Alan S. Prince

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Does knowledge of language consist of mentally-represented rules? Rumelhart and McClelland have described a connectionist (parallel distributed processing) model of the acquisition of the past tense in English which successfully maps many stems onto their past tense forms, both regular (walk/walked) and irregular (go/went), and which mimics some of the(More)
In this essay a new theory of stress and linguistic rhythm will be elaborated, based on the proposals of Liberman (1975).' It will be argued that certain features of prosodic systems like that of English, in particular the phenomenon of "stress subordination", are not to be referred primarily to the properties of individual segments (or syllables), but(More)
What are the computational and representational bases of the mental lexicon of words, and of the rules of grammar which productively combine lexical forms into larger words, phrases and sentences? ‘‘Dual-system’’ theories posit that lexical forms with non-compositional (arbitrary) sound-meaning pairings are stored in memory, whereas compositional structures(More)
at Colorado; to Joseph Aoun, Luigi Burzio, Robert Frank, Jane Grimshaw, David Pesetsky and Alan Prince, for extremely helpful conversations; to audiences at Arizona, Brown, Cornell, Delaware, Georgetown, Hopkins, Maryland, UCLA, USC, and the MIT conference, for stimulating ideas and questions. For partial financial support, we gratefully acknowledge NSF(More)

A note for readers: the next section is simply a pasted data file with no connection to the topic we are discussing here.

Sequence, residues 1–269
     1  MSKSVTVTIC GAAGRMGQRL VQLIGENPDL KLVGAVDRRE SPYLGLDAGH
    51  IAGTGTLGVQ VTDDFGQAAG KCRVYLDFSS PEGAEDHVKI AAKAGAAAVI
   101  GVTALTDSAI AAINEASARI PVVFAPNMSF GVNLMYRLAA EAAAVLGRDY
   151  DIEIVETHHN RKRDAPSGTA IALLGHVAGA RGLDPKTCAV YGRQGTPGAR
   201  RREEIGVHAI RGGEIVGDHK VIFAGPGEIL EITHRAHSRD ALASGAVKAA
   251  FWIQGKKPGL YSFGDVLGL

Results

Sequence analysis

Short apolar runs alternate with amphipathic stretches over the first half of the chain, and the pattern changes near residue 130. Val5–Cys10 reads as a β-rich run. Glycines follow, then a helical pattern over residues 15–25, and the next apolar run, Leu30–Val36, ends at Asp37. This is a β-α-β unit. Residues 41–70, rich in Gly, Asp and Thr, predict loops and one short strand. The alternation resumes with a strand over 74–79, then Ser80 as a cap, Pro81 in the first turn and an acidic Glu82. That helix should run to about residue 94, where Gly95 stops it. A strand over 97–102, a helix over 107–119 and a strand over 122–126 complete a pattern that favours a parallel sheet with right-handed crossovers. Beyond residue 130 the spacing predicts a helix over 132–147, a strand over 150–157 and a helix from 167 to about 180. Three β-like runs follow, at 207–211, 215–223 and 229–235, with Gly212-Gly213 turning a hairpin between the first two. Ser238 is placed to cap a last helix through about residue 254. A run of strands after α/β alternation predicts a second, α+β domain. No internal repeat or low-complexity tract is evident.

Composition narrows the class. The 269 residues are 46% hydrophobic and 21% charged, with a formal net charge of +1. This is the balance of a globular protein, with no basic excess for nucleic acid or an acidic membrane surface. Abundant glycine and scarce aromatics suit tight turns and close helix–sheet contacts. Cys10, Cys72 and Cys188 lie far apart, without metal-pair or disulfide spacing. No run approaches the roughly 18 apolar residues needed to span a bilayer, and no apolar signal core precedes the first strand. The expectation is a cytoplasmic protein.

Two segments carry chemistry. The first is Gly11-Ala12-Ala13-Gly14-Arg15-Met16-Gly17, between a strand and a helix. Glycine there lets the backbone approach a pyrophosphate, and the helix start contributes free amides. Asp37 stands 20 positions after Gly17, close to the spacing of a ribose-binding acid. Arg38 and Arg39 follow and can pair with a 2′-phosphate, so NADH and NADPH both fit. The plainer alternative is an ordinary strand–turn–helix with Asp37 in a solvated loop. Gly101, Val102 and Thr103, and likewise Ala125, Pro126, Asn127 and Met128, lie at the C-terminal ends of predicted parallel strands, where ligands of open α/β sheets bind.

1. INTRODUCTION. The action at a distance that is characteristic of consonant harmonies stands as a pivotal problem to be addressed by phonological theory. Consider a familiar example from Chumash. The character of coronal fricatives and affricates in Chumash is determined by the rightmost coronal sibilant (1a). This agreement alters /s/ to [S] when(More)
Recent experimental work indicates that by the age of ten months, infants have already learned a great deal about the phonotactics (legal sounds and sound sequences) of their language. This learning occurs before infants can utter words or apprehend most phonological alternations. I will show that this early learning stage can be modeled with Optimality(More)
The architecture of generative phonology brings with it a difficult challenge for any learner: underlying forms must be acquired at the same time as the phonology – the system of rules or constraint-rankings. Yet, each depends on the other, and neither is known in advance. If the learner had prior knowledge of the underlying forms, then the(More)